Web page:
Caught NHK's "Nodo Jiman"（のど自慢）earlier this afternoon and it looks like that bell ringer was in a pretty snotty mood. I don't think he gave the full ring of approval until almost halfway through the show, and it turned out to be for an elderly lady singing an old Hibari Misora（美空ひばり）chestnut.
It was indeed a fine rendition so I decided to look up this song "Omae ni Horeta" (I've Fallen For You) and was surprised to find out that it was created for the Grande Dame of Kayo Kyoku in 1980. Although I know that Misora sang right to the end of her days at the end of the 1980s, my impression was that most of her classic enka songs were from the 1960s. But this particular song has that certain grandness of some of those old hits such as "Yawara"（柔）and the male point of view but with the topic this time being the simple reaction of falling in love.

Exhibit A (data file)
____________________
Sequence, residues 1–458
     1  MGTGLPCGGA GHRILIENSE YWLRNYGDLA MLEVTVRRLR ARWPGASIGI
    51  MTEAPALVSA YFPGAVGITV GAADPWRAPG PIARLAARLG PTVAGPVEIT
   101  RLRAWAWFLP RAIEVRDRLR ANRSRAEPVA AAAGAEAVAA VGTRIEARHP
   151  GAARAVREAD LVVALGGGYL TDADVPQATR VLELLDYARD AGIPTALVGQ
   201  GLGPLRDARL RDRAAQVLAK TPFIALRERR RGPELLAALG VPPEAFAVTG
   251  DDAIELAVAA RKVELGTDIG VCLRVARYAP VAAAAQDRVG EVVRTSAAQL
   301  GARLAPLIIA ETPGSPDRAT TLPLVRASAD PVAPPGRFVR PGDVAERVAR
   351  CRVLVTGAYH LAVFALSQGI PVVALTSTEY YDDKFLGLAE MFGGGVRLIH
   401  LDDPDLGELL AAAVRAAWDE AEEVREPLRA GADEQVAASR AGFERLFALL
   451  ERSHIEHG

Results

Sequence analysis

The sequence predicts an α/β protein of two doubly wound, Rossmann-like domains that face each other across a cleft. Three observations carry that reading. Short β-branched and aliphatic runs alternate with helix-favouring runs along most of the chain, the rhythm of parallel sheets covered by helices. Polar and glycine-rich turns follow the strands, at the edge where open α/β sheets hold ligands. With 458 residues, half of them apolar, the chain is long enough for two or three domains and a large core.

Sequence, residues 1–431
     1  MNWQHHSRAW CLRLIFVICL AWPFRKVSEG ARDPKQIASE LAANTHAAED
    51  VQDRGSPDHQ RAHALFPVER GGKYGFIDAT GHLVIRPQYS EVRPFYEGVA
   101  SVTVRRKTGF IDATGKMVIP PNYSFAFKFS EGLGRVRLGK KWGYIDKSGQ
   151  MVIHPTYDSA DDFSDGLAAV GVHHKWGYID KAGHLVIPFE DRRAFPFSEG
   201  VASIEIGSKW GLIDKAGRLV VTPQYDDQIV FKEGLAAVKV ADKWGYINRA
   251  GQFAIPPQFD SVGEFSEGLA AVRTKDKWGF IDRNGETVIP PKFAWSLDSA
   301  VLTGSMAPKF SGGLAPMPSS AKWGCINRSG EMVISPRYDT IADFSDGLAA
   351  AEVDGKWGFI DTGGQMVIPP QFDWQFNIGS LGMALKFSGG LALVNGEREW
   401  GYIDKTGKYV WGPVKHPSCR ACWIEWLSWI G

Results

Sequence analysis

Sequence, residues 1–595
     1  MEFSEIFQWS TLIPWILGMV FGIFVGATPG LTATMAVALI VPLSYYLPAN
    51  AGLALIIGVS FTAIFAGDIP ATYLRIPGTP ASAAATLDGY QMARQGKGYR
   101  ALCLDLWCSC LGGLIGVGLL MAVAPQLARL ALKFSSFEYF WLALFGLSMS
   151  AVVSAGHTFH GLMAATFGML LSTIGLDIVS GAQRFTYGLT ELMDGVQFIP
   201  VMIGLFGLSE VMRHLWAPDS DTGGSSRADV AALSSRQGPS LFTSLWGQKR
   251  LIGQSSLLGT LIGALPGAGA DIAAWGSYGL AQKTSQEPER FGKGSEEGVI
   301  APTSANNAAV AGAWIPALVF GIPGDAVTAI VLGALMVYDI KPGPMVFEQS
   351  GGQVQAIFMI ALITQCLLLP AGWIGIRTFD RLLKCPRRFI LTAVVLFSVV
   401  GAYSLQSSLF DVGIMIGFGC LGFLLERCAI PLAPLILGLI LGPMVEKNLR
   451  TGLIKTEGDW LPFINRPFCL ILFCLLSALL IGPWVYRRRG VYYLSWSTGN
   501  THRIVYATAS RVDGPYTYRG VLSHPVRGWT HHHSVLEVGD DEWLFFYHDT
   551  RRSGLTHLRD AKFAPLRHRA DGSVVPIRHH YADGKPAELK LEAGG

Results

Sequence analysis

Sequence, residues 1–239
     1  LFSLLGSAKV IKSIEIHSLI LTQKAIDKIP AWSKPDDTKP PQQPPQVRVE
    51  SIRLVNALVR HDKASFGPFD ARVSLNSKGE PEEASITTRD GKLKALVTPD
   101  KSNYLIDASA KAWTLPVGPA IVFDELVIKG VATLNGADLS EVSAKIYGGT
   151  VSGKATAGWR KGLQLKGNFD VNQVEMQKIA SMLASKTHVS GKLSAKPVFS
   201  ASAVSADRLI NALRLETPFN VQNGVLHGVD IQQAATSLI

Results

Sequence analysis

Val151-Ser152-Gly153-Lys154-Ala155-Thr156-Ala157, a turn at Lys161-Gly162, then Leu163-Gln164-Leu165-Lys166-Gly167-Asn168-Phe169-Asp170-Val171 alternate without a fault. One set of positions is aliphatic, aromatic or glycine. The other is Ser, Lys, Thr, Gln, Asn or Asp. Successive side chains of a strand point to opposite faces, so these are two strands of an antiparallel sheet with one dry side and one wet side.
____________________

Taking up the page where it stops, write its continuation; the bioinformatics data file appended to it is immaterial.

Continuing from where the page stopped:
However, along with the grandeur, I also noticed an underlayer of gentleness in "Omae ni Horeta" as if the protagonist here wasn't exactly the youngest buck in the forest but an older and more courteous sort who's fallen in love with a lady who may be the proprietress of the local nomiya. There's not so much hormonally-fueled lust in the guy's eyes than there is a wistful interest in the lass.
Released in February 1980, the ballad was written by Takashi Taka（たかたかし）and composed by Koji Tokuhisa（徳久広司）who had tried his hand at singing for about a year in the mid-1970s before deciding making songs was more his forte. "Omae ni Horeta" ranked up there at No. 43 on Oricon.
I guess it has been that mixture of gusto and gentility that has made the song a favourite for enka singers since Misora's original version. Aya Shimazu（島津亜矢）has given it a fine go.
And so has Natsuko Godai（伍代夏子）. I've also enjoyed the various versions for the fact that the singers have been given the chance to plumb the lower registers of their voices.